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One Nation, Divisible: How Regional Religious Differences Shape American Politics (Religion by Region) Hardcover – June 27, 2008
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This book not only confirms what we already suspect, but goes much further in detailing regional religious differences and how they influence American politics. For general readers, the message is clear: Beware broad generalizations about religion and politics in the United States. For politicians, preachers, and pundits seeking to mobilize the populace one way or another, the message is crucial: Overlook regional views of religion and of its relation to politics at your peril. (Wade Clark Roof, University of California, Santa Barbara)
With the clarity of its analyses and its demonstration of how important the nation's diverse religious regions are―for social mores, for politics, for religion itself―One Nation, Divisible is a splendid and much-welcomed study. (Mark Noll, University of Notre Dame)
The authors create a most compelling mosaic of this phenomenon through their use of history and personal stories. Excellent notes, bibliography, index. Recommended. (CHOICE)
Includes a fascinating final chapter that revisits American history through the prism of regional religious affiliation. This scholarly work will appeal mostly to historians and political scientists, but it will also inform citizens and officials who want to gain insight into the often ignored role of religion in American society. (Foreword Reviews)
One Nation, Divisible is a masterful account of the potent nexus of religion and region in the United States. Silk and Walsh offer an insightful retelling of the American national story through the lenses of piety and place. (John C. Green, University of Akron)
It doesn't happen very often but on occasion books surprise and even delight you for their perspicuity, and the persuasive nature of their argument. Mark Silk and Andrew Walsh's One Nation, Divisible: How Regional Religious Differences Shape American Politics does just that. Regional differences in religion and politics matter in America, but showing it and doing it with data, interpretation and occasional pithiness is welcome. I found Silk and Walsh's analysis fresh, unique, and determinative for the case that they make: regional differences matter, both in terms of religious majorities in each region and the unique regional and cultural ecologies.(Journal for the Scientific Study of Religion)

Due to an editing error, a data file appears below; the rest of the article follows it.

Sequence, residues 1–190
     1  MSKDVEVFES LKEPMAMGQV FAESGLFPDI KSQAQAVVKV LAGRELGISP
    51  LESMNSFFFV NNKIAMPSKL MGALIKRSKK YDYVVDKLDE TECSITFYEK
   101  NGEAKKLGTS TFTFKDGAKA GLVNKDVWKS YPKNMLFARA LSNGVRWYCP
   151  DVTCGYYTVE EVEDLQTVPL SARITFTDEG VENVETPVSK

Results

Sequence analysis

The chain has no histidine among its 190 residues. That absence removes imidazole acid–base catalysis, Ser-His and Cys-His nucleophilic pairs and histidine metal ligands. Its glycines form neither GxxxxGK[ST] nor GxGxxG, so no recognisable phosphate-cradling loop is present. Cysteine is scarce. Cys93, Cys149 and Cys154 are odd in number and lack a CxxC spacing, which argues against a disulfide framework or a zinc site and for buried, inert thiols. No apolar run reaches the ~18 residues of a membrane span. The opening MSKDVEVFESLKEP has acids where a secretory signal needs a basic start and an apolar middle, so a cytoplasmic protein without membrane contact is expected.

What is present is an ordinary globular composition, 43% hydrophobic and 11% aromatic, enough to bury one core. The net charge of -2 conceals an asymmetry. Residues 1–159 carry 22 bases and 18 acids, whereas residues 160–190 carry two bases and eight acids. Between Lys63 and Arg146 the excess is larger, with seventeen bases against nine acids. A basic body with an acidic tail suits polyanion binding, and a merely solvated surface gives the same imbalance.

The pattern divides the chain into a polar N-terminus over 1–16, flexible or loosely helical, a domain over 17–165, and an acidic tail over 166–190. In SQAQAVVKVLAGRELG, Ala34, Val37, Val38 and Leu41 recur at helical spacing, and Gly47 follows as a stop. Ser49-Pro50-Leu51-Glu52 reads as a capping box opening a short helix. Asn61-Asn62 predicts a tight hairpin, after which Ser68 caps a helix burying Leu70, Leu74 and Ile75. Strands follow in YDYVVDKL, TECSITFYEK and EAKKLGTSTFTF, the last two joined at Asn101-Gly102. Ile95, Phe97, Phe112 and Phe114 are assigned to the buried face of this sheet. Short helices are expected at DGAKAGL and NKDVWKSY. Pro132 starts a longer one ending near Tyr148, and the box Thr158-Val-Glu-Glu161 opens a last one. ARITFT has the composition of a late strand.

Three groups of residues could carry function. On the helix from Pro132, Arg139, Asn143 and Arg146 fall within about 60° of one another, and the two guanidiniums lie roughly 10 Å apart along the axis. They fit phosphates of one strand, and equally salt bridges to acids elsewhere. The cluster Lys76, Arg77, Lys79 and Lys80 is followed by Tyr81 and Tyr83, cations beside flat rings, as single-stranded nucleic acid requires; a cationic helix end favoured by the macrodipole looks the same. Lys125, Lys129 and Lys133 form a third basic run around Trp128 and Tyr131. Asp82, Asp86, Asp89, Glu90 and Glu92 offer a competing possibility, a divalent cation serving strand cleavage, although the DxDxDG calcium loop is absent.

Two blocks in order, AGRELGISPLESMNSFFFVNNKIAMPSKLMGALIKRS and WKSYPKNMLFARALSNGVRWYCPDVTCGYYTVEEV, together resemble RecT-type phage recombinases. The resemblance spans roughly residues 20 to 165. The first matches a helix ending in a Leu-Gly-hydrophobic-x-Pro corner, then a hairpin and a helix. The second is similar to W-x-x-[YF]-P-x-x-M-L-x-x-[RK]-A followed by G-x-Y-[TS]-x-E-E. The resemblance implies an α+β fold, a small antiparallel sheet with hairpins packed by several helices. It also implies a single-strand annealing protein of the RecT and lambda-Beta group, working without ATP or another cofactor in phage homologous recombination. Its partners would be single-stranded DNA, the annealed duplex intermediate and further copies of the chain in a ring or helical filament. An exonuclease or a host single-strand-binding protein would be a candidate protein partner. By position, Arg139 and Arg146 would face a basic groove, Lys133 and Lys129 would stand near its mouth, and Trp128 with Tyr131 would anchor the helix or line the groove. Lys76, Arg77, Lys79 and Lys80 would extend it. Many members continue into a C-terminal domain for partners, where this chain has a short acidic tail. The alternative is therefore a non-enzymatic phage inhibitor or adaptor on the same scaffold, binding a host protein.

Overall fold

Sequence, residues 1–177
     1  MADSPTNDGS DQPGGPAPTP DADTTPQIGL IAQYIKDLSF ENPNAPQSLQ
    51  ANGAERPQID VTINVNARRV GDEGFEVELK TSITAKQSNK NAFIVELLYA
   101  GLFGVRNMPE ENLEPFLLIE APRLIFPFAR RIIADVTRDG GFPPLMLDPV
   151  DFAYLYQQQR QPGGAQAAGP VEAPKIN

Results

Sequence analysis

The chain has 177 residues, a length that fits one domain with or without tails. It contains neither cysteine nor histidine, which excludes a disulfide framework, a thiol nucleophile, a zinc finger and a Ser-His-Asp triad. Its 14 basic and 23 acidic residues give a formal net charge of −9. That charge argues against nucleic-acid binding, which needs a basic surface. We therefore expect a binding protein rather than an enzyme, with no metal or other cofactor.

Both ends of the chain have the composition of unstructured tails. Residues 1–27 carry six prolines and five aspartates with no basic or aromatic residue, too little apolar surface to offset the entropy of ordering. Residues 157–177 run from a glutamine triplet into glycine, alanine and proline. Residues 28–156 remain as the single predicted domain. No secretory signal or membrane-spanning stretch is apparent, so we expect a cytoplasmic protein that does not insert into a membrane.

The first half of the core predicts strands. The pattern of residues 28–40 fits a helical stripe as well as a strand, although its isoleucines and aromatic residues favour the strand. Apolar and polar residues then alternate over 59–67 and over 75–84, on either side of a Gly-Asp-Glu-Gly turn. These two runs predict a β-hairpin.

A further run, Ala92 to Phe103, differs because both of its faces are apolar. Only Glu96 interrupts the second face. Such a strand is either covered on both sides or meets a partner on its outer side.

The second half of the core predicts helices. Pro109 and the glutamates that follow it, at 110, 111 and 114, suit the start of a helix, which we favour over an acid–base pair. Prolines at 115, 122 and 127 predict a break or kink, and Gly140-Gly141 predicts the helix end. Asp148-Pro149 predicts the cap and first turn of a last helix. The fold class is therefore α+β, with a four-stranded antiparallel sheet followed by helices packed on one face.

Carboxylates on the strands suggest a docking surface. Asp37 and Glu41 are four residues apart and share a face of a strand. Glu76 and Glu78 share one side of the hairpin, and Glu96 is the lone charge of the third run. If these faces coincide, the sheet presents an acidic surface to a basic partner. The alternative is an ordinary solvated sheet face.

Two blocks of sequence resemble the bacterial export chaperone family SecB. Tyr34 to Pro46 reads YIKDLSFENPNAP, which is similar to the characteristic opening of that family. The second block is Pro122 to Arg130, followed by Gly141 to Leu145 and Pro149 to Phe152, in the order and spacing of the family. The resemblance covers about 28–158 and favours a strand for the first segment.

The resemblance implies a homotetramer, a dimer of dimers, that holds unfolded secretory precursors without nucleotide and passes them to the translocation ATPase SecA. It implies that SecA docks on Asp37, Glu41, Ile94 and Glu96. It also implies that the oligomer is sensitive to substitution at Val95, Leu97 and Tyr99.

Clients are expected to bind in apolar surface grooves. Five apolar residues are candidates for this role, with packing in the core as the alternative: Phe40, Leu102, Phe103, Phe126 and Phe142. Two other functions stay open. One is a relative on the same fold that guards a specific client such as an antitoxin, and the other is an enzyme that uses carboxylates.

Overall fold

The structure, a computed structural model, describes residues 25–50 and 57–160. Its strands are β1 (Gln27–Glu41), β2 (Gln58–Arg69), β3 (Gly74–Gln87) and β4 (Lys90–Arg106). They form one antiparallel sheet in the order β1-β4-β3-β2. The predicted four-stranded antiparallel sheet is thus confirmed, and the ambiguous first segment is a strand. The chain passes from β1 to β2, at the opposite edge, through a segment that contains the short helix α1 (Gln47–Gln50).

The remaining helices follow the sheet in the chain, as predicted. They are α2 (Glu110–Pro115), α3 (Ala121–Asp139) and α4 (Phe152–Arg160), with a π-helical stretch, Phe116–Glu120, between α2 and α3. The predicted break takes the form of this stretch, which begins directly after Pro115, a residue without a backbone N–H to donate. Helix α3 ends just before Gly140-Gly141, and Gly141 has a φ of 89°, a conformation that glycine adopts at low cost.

Mark Silk and Andrew Walsh's excellent One Nation, Divisible presents a valuable corrective should any of us forget the reality and importance of regionalism in American religion or regionalism's consequences for religion and politics and politicians. The authors' regionalist perspective is fascinating, and it is a pleasure to read how fully and skillfully these articulate authors develop this theme in their book. (Robert Booth Fowler, University of Wisconsin, Madison Politics and Religion)
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That said, I have a criticism of the geographic divisions and, if I'm following another person correctly, it applies to this whole series, not just this book.
First, in a couple of cases, divisions should be made within states. Three come immediately to mind.
1. Northern Missouri belongs in the Midwest, not the Crossroads. Its German Catholicism, especially in St. Louis, and its German Lutheranism, just aren't part of the "Crossroads."
1A. Kansas is really becoming a Crossroads state more than a Midwest one.
2. The Boise area and the Panhandle areas of Idaho probably should be carved out of the Mountain West and attached to the Pacific North West.
3. Northern Virginia is really becoming more and more part of the Middle Atlantic and not the South.
As you read this book, or any in this series, I guess, you might have to do some mental filtering for this.
Otherwise, this is a decent book.